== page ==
Jyotish is based on the belief that the human body is made up of vibrating particles and that vedic literature has taught us the interpreted meaning of these. If negative energy is predicted then there are two possible remedies: wearing a pure form of gem near the skin or the performance of a Yagya6. A monetary charge is made for both these services.

For more information about Jyotish visit here.

The Natural Law Party

Two weeks before the 1992 General Election in the UK, Maharishi asked his followers to form a political party that could field candidates in as many seats as possible. The policies of the Natural Law Party were to implement Maharishi's recommendations for daily life in as many places as possible. Amid assurances that they would soon be in Parliament many people stood for parliament, providing their own deposits in the process. At the first election there was some media interest. Whilst the other parties announced minor changes to taxation at their press conferences, Geoffrey Clements, the party leader, was pictured in lotus position, bouncing up and down on a piece of foam in front of the Golden Dome.

The voters however were not convinced, in the 193 seats that were fought they won on average 0.4% of the vote. In 1997, they did marginally worse with 0.3%. In 2001 they did not fight the election, blaming inadequate media coverage, a system that required deposits, and voter cynicism.

Criticism of Transcendental Meditation

There are a number of organisations, mainly American, such as tracenet that are critical of the movement and make a number of allegations against TM.

Transcendental Meditation is Not Non-religious

Many opponents claim that far from being a practice that does not require belief, TM is a religion/cult/form of Hinduism that pretends to be scientific to spread its neo-Hindu message around the West. They point to the fact that part of the TM Sidhi programme is spent reading from the Hindu Holy books, that the puja said at initiation literally translates as praise for Hindu gods, and that dietary advice in Ayruveda is against the eating of meat.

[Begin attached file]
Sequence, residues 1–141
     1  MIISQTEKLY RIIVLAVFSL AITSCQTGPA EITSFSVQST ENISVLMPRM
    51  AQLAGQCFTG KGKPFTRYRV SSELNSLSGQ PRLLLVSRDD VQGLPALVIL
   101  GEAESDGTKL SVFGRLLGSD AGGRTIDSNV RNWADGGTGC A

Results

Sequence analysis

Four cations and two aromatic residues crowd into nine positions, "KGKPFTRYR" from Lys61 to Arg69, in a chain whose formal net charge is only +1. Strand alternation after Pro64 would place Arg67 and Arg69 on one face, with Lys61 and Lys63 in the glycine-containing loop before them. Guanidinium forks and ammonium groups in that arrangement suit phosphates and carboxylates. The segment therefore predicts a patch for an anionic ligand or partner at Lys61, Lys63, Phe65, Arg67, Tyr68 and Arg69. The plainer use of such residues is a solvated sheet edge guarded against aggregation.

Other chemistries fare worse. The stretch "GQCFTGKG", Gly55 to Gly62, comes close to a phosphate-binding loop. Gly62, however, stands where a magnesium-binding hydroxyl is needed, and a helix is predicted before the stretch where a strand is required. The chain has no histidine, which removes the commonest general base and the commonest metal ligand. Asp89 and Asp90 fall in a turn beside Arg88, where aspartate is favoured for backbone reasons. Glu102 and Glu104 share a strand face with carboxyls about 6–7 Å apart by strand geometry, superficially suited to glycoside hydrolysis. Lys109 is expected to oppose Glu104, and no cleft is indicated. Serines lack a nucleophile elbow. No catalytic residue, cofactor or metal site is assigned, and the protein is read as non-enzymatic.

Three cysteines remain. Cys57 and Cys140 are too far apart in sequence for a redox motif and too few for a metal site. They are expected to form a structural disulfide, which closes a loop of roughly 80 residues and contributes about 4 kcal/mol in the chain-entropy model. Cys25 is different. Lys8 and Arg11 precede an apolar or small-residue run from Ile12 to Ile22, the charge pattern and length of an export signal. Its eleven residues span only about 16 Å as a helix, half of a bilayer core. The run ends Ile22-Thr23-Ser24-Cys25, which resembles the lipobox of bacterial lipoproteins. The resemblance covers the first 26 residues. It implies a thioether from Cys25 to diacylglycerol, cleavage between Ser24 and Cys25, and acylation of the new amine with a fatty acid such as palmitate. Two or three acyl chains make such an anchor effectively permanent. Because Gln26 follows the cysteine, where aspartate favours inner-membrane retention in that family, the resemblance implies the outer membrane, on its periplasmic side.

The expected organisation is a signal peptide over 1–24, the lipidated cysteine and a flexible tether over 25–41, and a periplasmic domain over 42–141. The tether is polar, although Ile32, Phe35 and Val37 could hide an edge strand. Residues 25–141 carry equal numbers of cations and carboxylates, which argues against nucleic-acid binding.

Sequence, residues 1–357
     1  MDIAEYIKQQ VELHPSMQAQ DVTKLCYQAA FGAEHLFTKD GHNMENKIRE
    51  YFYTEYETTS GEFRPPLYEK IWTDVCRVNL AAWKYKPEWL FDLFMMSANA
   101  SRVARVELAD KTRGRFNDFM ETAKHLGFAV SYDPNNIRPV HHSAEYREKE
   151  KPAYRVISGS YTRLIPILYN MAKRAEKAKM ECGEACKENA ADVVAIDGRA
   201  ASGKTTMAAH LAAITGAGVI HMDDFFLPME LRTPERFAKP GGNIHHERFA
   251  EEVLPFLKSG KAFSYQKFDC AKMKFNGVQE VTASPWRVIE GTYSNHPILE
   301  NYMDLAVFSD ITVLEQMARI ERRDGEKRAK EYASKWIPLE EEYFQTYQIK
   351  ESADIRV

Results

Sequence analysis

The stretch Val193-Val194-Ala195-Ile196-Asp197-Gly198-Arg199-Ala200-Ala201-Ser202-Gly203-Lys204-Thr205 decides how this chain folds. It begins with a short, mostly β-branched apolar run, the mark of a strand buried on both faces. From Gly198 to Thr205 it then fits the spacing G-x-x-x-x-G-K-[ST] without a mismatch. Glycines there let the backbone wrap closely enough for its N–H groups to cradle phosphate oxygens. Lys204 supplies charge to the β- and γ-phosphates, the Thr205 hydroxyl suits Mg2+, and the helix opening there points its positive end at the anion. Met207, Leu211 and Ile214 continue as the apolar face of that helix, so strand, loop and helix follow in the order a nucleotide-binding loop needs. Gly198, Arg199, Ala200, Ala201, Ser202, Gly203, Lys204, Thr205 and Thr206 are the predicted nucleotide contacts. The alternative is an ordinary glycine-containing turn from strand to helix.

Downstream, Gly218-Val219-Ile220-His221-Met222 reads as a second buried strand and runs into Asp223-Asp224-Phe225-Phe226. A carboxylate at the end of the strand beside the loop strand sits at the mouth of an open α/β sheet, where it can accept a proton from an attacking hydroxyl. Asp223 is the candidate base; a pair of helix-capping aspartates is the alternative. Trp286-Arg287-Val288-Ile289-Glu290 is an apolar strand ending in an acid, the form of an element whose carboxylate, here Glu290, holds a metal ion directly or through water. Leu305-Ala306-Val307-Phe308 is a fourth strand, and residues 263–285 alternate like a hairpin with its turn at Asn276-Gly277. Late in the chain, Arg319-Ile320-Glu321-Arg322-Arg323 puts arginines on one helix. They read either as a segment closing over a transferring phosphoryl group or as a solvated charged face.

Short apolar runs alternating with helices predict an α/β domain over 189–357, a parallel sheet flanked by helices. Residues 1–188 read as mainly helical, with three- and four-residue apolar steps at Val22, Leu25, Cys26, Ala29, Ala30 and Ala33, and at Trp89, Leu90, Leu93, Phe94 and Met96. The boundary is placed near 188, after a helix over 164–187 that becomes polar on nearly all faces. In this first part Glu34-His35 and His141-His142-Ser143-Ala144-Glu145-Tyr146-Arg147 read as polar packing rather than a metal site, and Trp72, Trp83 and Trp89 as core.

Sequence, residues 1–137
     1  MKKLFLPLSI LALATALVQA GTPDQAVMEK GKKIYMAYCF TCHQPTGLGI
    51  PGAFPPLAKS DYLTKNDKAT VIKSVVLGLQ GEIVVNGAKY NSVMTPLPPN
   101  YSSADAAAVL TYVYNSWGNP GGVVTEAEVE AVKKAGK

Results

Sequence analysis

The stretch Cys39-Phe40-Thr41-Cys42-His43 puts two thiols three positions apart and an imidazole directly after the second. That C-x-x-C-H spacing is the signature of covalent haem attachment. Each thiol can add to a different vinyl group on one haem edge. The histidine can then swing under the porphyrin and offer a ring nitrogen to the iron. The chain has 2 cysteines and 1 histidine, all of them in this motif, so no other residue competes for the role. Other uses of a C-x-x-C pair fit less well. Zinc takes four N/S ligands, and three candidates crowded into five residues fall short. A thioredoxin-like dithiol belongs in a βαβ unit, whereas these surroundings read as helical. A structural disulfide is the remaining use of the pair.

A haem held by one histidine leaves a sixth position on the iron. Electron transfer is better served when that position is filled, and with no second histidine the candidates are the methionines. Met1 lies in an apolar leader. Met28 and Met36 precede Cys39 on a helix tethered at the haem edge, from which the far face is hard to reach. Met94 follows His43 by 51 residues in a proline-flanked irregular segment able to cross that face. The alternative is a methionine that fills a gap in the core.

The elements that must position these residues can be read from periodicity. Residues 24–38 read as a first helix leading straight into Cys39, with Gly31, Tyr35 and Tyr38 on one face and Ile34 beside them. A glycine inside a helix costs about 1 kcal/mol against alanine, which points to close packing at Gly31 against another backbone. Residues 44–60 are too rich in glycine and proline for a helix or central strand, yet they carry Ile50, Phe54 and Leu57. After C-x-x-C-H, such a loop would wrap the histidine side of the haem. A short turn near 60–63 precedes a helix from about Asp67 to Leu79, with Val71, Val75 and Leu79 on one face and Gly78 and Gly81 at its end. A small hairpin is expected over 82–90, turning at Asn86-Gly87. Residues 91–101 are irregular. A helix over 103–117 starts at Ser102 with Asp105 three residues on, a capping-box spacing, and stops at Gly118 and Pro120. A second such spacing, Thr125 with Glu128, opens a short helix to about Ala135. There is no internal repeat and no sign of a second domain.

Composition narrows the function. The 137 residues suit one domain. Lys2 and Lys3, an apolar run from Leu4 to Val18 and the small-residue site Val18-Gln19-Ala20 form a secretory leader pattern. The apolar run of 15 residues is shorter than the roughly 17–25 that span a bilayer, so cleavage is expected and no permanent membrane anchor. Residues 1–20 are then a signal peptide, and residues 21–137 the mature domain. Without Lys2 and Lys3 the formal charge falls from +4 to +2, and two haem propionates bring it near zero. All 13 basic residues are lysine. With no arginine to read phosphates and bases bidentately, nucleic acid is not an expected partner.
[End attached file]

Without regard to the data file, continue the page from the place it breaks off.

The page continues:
However there are many meditators, Sidhas and teachers of TM who are actively involved in other religions and do not find that there is a conflict.

TM Has Dangerous Side Effects

Many people who practice TM, find themselves slightly dazed afterwards. While in a dazed state people may find themselves expressing anger at an event from the past; the anger may have been previously repressed.

Teachers of TM state that this is in response to releasing of repressed stresses and is particularly common when if a person has just started meditating and has a lot of stress to release, and if they continued to meditate they would find that the effects decreased. Indeed when mediators meet for a retreat of intensive mediation, known as a rounding course, then they are advised not to make life-changing decisions as they may be more dazed than usual. Opponents state that as meditation is the cause of the problem then continuing to meditate will only make the problem worse and put the participant in a state when they are more likely to be brainwashed into parting with more money for the Sidhi programme.

Why Charge?

The charge for learning TM is a common criticism, even taking into consideration the reductions that are on offer for certain people. The movement claims the reason for the charge is that people will value something they have paid for more than something that is free. There are from time to time schemes to teach TM to people from disadvantaged backgrounds or make it available on the NHS7.

Keeping An Open Mind

It should be remembered that not every meditator will choose to get involved this deeply. Some will choose to use conventional medicine, some to buy a house with a south entrance, some such as William Hague8 will retain their former political allegiances. Many meditators feel that meditation may be a positive thing without believing in some of the more dubious claims.

1The only Beatle to remain a follower of TM was George Harrison.2The reciting of some Sanskrit words in praise of a Hindu god.3He won his case.4Many have noted that rain is not an uncommon occurrence in Skelmersdale5As a result, it can be very easy to tell a child born to parents who practice TM.6A ritual that takes place by experts in India.7Due to the alleged dangers, the NHS is not convinced of this.8The former leader of the Conservative Party.